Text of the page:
Climate change has big and long-term impacts on cities. EU-funded research aims to increase resilience, improving cities' capacity to anticipate, prepare for, respond to and recover from related events such as droughts and heavy rain - protecting key infrastructure and lives

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Extreme events resulting from climate change present serious problems for urban services including water and energy supply, transport, telecommunications and waste disposal. This can lead to high human and economic costs.

The EU-funded RESCCUE project aims to create an assessment, planning and management framework, adaptation strategies and action plans to make cities more resilient in the face of climate change.

Close co-ordination between emergency teams


This should enable public authorities and utility managers to ensure close co-ordination between emergency teams and keep residents safe during extreme weather.

The project takes water as its starting point due to the danger of water-related risks to cities. However, cities cannot be understood by focusing on a single sector. RESCCUE thus takes account of different urban services and hazards to develop plans which connect across several areas.

“RESCCUE will provide innovative models and tools to improve cities’ ability to withstand and recover from multiple shocks and maintain essential services,” said project co-ordinator Pere Malgrat, of Aquatec – SUEZ Advanced Solutions in Spain.

“This will bring economic benefits in terms of avoidance of impacts and better crisis management. All methodologies and tools will be distinguished by their capability to be deployed in different types of city with different climate change pressures.”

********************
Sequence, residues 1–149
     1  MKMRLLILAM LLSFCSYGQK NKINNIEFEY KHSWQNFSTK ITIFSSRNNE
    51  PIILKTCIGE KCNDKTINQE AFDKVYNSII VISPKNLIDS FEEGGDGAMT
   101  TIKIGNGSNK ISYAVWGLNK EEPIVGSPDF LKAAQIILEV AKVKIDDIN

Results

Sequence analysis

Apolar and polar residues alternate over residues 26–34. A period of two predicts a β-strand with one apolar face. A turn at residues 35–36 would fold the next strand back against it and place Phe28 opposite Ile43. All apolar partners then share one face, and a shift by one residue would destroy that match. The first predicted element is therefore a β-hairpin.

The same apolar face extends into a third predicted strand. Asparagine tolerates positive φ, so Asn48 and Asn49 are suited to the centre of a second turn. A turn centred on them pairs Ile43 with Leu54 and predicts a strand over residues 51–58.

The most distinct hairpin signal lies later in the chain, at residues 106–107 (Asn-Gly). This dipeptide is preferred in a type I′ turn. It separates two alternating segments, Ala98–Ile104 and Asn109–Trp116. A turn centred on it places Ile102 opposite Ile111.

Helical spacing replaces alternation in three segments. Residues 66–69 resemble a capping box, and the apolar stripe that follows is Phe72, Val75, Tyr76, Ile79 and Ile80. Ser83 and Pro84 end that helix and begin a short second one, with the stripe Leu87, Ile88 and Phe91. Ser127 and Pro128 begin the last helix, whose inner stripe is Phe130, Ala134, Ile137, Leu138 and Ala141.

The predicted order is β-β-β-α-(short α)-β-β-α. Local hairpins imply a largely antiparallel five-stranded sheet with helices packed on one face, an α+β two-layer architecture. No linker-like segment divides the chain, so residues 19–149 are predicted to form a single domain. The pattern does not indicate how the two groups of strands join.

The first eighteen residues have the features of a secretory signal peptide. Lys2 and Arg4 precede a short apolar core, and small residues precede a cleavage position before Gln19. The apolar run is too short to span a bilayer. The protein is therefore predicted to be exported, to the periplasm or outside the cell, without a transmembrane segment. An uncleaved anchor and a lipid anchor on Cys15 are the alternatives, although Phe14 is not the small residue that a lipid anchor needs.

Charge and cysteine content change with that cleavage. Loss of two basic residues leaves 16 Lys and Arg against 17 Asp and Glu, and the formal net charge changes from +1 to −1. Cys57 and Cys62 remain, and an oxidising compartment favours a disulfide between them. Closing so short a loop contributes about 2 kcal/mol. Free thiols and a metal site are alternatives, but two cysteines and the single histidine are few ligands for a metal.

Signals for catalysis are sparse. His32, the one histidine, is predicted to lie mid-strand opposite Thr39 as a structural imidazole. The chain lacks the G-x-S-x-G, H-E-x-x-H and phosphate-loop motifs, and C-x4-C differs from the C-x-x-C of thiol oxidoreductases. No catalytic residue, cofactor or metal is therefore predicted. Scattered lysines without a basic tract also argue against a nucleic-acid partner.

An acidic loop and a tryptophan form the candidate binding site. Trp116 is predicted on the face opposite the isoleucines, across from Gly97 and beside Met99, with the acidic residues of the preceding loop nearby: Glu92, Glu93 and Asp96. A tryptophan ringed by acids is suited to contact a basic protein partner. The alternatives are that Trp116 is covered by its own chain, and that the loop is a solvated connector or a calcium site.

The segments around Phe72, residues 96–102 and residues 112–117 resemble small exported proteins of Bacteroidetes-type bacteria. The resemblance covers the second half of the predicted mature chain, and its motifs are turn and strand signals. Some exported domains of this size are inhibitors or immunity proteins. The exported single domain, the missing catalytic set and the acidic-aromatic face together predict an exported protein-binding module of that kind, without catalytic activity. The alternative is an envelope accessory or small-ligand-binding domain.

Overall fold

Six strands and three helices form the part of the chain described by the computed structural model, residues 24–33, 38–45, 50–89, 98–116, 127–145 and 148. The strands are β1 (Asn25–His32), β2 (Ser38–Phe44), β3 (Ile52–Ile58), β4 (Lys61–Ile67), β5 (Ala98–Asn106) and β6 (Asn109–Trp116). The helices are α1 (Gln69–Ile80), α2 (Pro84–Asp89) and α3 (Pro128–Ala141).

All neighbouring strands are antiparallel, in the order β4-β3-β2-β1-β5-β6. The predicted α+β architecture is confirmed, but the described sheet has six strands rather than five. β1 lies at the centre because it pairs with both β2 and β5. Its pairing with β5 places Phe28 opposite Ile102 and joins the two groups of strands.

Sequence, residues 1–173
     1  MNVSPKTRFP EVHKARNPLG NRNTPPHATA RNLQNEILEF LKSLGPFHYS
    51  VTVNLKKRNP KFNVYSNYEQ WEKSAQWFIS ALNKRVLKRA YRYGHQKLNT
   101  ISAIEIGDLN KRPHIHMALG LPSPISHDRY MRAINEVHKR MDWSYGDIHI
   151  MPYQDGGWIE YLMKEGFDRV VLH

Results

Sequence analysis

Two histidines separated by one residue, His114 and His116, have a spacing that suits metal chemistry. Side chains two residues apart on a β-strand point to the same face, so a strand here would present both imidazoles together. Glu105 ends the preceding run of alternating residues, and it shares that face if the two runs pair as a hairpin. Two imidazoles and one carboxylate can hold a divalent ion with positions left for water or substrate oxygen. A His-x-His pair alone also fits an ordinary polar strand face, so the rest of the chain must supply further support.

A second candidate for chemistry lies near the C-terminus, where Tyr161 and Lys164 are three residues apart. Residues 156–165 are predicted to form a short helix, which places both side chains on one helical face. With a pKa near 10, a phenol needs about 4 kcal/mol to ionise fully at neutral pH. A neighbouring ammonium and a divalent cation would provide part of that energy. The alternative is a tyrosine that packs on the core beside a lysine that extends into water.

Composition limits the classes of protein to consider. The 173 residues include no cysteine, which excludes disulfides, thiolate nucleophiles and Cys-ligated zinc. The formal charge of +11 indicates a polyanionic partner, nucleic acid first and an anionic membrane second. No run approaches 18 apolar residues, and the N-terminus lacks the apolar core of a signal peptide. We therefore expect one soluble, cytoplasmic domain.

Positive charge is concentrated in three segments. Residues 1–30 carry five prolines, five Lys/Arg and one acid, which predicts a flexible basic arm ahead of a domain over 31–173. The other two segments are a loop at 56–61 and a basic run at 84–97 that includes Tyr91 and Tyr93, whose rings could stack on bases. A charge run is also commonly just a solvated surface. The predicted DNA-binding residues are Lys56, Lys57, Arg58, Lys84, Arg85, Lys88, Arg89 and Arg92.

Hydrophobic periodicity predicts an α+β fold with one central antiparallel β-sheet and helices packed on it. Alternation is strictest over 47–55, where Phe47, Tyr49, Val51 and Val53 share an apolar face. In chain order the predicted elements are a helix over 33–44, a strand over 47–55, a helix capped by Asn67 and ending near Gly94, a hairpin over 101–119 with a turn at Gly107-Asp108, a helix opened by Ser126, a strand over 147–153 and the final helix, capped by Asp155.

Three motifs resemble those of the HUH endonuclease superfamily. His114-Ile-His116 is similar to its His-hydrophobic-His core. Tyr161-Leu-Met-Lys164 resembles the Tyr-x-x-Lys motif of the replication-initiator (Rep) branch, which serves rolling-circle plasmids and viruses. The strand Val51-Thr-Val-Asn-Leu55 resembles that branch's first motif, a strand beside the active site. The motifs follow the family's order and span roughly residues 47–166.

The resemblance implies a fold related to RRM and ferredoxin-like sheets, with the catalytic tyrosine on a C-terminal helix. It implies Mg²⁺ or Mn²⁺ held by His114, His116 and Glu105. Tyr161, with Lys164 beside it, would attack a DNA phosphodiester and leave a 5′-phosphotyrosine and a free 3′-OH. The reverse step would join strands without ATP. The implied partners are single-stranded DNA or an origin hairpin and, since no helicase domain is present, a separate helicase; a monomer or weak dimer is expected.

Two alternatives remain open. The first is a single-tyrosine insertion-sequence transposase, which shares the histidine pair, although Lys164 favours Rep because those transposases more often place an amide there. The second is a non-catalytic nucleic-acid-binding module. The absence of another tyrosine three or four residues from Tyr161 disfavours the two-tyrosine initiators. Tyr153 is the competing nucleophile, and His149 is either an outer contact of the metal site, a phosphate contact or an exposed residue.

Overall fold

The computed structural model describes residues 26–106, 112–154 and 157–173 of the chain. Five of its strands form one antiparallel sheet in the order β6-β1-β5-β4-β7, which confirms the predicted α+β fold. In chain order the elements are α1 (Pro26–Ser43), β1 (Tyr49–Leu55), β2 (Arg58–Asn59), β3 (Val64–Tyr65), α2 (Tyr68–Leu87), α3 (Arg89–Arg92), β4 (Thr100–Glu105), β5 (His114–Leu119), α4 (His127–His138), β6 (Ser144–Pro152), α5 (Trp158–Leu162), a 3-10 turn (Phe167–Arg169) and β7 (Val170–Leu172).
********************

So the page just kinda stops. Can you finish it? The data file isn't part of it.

Three research sites


Research takes place in three cities – Barcelona, Bristol and Lisbon – each of which faces a variety of challenges. These include coastal, river or pluvial flooding, sewer overflow during storms, and drought. For each city, RESCCUE develops extreme event scenarios and models to help public services prepare.

Adaptation strategies to be tested at each site help avoid risk transfer from one sector to another and increase urban resilience as a whole. An adaptation strategies database will be compiled, with strategies ranked by cost-effectiveness.

Resilience action plans for guaranteeing continuity of services during emergencies will be drawn up based on local partners’ input and project results. Their effectiveness will be tested by simulations.

A global tool


The tools will be integrated into a software platform able to propose risk- and crisis-management measures and help authorities make informed choices. Guidelines will be provided to standardise implementation in different cities.

The platform also includes climate projections – which can be adapted to different places – to help plan for future scenarios, and an adaptation strategies module. It will be further improved by incorporating real-time data, resulting in a resource offering consultancy services to cities worldwide.

For Malgrat, the structure of the consortium will help get the results to market: “We have partners representing different disciplines, from universities and research institutes to SMEs, utilities, city councils and UN-Habitat, the UN programme for cities that will help deploy the RESCCUE results in many other urban areas,” he said.

“Each of them enriches the project so that it provides practical solutions to real needs.”

http://www.engineersjournal.ie/wp-content/uploads/2019/06/a1-20-1024x768.jpghttp://www.engineersjournal.ie/wp-content/uploads/2019/06/a1-20-300x300.jpgDavid O'RiordanNewsclimate change,European Union,research
Extreme events resulting from climate change present serious problems for urban services including water and energy supply, transport, telecommunications and waste disposal. This can lead to high human and economic costs. The EU-funded RESCCUE project aims to create an assessment, planning and management framework, adaptation strategies and action plans to...